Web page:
B. was born on 12 February
1877 in Lechovitz, Minsk Gubernia, White Russia. His
father was a tailor. He learned in a cheder. In 1887 his
father immigrated to America, and B. entered into a
yeshiva in Slonim, where he learned for six years, and
he ate "daily". He had a voice, and he manifested a
great desire for music, he used to in the summer follow
the shows of the military orchestras that used to
perform in Slonim's park. When cantors came to Slonim as
a test, B. stopped his studies and became a choir
boy. The cantor Moshe Bass took him with him to
Bialystok, where Brody sang in Zabludovsky's shul until
the conductor Berman made him his assistant, and he
learned from him the theory of music. There Brody
learned with Russian and Hebrew teachers.
B. lost his voice and took
to writing cantorial compositions. As such he had
written "in khmud" for Cantor Roitman, then B. became
engaged to Cantor Kahane in Vilna as a conductor. Then
in the same post he went to Cantor Yoel Zelig in Pinsk.
Due to military conscription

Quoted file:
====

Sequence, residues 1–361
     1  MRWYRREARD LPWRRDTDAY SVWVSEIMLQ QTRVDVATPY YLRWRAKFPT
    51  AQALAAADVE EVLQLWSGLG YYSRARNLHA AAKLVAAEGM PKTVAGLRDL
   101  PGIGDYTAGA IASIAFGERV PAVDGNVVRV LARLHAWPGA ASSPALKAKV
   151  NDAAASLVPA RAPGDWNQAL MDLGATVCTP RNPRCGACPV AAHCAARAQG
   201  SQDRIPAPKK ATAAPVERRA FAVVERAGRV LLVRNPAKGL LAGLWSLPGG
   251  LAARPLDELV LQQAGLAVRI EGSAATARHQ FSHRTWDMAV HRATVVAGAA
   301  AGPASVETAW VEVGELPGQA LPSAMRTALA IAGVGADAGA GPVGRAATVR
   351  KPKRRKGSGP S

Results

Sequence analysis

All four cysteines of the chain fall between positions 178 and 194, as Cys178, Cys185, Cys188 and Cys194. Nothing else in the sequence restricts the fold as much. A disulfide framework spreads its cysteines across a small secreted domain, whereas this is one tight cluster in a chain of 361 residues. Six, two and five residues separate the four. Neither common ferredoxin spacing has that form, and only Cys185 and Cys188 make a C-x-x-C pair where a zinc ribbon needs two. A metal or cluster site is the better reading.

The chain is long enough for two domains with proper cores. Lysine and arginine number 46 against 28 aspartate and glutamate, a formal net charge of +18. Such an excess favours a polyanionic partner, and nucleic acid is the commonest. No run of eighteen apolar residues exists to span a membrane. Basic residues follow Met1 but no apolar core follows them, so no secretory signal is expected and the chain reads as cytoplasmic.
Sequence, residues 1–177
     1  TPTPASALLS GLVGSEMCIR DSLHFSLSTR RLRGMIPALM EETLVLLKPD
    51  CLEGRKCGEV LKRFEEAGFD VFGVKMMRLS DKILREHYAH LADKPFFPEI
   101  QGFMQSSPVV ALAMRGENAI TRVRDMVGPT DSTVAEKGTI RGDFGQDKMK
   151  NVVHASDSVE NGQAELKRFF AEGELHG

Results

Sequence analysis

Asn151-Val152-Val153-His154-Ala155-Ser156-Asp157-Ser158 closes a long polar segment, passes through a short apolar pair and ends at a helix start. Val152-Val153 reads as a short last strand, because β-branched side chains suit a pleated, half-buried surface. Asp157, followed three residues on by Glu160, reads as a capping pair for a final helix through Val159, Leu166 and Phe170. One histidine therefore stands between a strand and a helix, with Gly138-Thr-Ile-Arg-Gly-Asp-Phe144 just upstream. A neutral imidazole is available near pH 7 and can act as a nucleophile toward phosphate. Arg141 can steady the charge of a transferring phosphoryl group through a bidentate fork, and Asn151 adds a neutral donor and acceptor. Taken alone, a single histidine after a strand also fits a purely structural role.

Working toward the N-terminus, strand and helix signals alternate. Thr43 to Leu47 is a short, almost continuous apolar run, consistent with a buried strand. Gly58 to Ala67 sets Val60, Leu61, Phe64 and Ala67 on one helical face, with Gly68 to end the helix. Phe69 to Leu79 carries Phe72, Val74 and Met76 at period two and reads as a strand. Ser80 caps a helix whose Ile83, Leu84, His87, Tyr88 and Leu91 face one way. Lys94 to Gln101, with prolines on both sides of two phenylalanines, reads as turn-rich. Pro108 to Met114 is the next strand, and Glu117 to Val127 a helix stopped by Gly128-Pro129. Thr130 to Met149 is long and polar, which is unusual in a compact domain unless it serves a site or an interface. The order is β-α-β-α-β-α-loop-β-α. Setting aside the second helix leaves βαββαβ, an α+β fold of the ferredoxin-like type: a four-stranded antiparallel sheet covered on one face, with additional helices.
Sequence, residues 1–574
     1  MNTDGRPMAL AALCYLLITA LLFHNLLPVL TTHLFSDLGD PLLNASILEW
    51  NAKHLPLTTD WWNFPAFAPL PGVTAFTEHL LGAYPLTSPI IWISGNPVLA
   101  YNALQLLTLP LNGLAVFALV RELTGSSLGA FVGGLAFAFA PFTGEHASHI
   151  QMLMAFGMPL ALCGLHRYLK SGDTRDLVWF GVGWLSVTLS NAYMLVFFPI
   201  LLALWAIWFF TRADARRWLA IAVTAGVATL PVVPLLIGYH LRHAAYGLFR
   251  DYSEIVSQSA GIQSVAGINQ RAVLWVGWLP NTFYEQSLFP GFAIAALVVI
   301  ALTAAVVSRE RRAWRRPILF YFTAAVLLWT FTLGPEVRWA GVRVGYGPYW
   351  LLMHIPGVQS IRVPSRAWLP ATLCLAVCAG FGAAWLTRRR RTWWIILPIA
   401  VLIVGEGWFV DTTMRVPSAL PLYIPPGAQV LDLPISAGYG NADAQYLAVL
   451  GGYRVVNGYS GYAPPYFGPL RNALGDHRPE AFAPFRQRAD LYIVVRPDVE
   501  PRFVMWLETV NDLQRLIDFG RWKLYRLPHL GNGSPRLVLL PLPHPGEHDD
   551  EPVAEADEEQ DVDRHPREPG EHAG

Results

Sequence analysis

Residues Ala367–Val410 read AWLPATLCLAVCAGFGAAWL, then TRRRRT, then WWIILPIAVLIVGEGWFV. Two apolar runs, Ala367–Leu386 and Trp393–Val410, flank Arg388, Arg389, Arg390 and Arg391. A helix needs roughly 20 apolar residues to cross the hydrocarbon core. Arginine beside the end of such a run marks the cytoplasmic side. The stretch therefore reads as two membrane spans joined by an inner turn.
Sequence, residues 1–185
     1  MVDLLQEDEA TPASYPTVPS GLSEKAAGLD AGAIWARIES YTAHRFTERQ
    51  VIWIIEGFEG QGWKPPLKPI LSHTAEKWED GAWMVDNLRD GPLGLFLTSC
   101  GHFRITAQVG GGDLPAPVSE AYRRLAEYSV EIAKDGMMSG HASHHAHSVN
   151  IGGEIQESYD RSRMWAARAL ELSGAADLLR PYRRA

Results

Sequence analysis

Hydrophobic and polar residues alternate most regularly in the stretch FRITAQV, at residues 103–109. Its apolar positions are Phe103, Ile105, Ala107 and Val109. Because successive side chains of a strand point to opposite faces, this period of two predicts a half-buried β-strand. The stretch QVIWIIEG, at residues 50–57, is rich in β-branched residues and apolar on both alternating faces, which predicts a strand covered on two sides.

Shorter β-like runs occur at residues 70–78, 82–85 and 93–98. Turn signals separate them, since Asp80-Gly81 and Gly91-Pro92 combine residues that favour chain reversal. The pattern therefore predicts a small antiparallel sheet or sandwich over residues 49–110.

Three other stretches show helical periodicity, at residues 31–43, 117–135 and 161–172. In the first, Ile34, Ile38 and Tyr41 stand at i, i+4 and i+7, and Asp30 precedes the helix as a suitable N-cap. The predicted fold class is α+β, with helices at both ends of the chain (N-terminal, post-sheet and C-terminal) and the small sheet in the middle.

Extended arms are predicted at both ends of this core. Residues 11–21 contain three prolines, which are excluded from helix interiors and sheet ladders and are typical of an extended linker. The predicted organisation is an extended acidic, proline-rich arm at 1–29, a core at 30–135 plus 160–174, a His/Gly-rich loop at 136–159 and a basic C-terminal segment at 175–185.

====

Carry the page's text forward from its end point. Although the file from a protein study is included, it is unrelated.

in 1895, B. was sent over to America by his father, and
here he worked for a short time with Cantor Kuper,
traveling to Philadelphia, where he conducted in the
synagogue on Forsythe Street until Morris Finkel, opened
a Yiddish theatre on Arch Street, and he engaged him as
After being there for two
years, B. became engaged by Kessler, who guest-starred
ther from New York's Thalia Theatre, where he wrote his
first composition for a theatre piece ("Khfni un pinchas,"
or, "Rukhl", or "Dgl mkhnh yehudah") by M. A. Sharkansky.
B. was associated with Kessler for twenty-two years,
then for two years in the People's Theatre (Schulman and
Rovinger), two years at the Liberty, and one year at the
Hopkinson Theatre as a conductor and composer.
B. composed music more than
sixty plays, including "Di sheyne trim" by Gordin, "Khtr
mlkhut" by Terr, "Di yidn in brazilye" by Hermalin, "La
mit a alf" by Khts, "Der krbn" by Hororwitz, "Yehudis di
tsveyte," "Dos yidishe harts," "Yum htufh" and, "An
amter freynt" by Lateiner.
Especially popularly sung
was B.'s composition "Mzmur ldud" in Gordin's
"God, Man and Devil," and his synagogue number "Al tshlikhnu" and "Adm isudu mefr" in "Yom htufh."